For over 40 years, Debbie McWilliams has been a key figure in one of cinema's biggest blockbuster franchises. Having served as casting director on the James Bond films since 1981, she's cast dozens of colourful villains and leading ladies. She has also been tasked with picking the next 007 three times, playing an instrumental role in the hiring of Timothy Dalton, Pierce Brosnan and most recently Daniel Craig.


She is, one might suggest, the unsung hero of the Bond franchise. "You touch a nerve there," she tells "I am a member of the Academy, so I can vote in the Oscars, but I can't be nominated, and I have battled and battled and battled for years over this."

BAFTA, she points out, only introduced an award for Best Casting in 2020, becoming the first major film awards ceremony to do so. The Academy Awards still has no such category. "I find it really surprising – I think the trouble is that we don't assert ourselves enough, but we need to, because nobody else is going to if we don't.

"I've written to the Academy again this year to say, 'There is a glaring omission, chaps, how about it?' – whether it will ever happen or not, I do not know.

"It's really quite shocking, because it means that we remain a kind of second class citizen – although most casting directors now will get a single screen upfront credit, we're the only people who get that who are not eligible for an Oscar... and it's a disgrace, frankly."

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Though awards recognition appears long overdue, McWilliams insists she's happy with just "getting the job done" – she points to the evolving role and changing face of 'the Bond girl' as one of her proudest achievements.

"It was quite a relief that it did start to demand a much more capable actress rather than just a pretty face," she says. "Without naming any names, there are one or two slightly dodgy bits of casting in previous films."

Casting Monica Bellucci, then aged 50, as Lucia Sciarra in the 2015 film Spectre was a particular highlight.

"I've had some incredibly nice emails from people who are just, you know, ordinary folks who've written all sorts of nice things – there was quite a whoosh of middle-aged ladies when it was announced that Monica Bellucci was going to be in it. They all went, 'Fantastic, a 50-year-old actress is going to be in James Bond!' – and, you know, obviously, she's not your average 50-year-old, but it just proved that the age really didn't matter."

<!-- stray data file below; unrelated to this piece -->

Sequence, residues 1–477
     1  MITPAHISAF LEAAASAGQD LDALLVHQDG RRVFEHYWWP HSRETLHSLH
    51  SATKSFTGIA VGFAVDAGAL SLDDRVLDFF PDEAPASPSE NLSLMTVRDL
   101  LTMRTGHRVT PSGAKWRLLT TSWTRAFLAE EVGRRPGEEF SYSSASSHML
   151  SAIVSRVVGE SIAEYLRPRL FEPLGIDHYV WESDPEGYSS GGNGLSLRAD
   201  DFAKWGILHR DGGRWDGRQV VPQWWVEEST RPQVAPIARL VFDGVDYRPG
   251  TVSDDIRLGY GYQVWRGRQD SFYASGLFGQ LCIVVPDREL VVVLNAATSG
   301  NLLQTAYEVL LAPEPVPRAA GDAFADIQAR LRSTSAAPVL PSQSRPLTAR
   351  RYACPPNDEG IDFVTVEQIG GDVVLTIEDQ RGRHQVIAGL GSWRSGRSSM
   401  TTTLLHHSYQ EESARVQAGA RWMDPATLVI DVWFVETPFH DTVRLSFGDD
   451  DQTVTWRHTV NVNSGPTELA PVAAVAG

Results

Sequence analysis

The easiest bit of casting was getting Dame Judi Dench to play Bond's superior M – McWilliams was convinced that Dench, a respected Shakespearean actress, would "never say yes" to a role in a blockbuster, but a personal connection between Dench and the late Bernard Lee, who'd played the original M from 1962 to 1979, meant she leapt at the opportunity to pay tribute to her friend.

Eva Green as Vesper Lynd in Casino Royale
Eva Green as Vesper Lynd in Casino Royale. 2006 Danjaq, LLC and United Artists Corporation

The most challenging part was Vesper Lynd, Bond's first true love whose betrayal and subsequent demise proves formative for the rookie 00 agent in 2006's Casino Royale. "Prior to that film, there had been a sort of stigma around the 'Bond girl' role and it was very hard to persuade serious actresses to even look at it.

"Eva [Green] had always been on the list, but there had been a certain resistance to her – I don't really know why, but I think they felt that maybe she didn't have enough experience. She'd only done a few films and they'd all been very underground, low-budget type of things, but working with someone like Barbara [Broccoli, producer on the Bond series], who has just such a fantastic instinct, we both really, really liked her."

Green's first screen test, however, didn't go according to plan. "I'm sure she would be the first to admit she was terrible," says McWilliams. "Nobody had put her in hair and make-up and all the rest of it, so it didn't do her any justice whatsoever, and rather terrifyingly we started shooting Casino Royale without having cast that part. In fact, we hadn't cast Le Chiffre [eventually played by Mads Mikkelsen] either...

"But both Barbara and I insisted that Eva came back and had another go – this time, she was in hair and make-up, and she was in wardrobe, and she felt much calmer about the whole thing, and so that's what sealed it."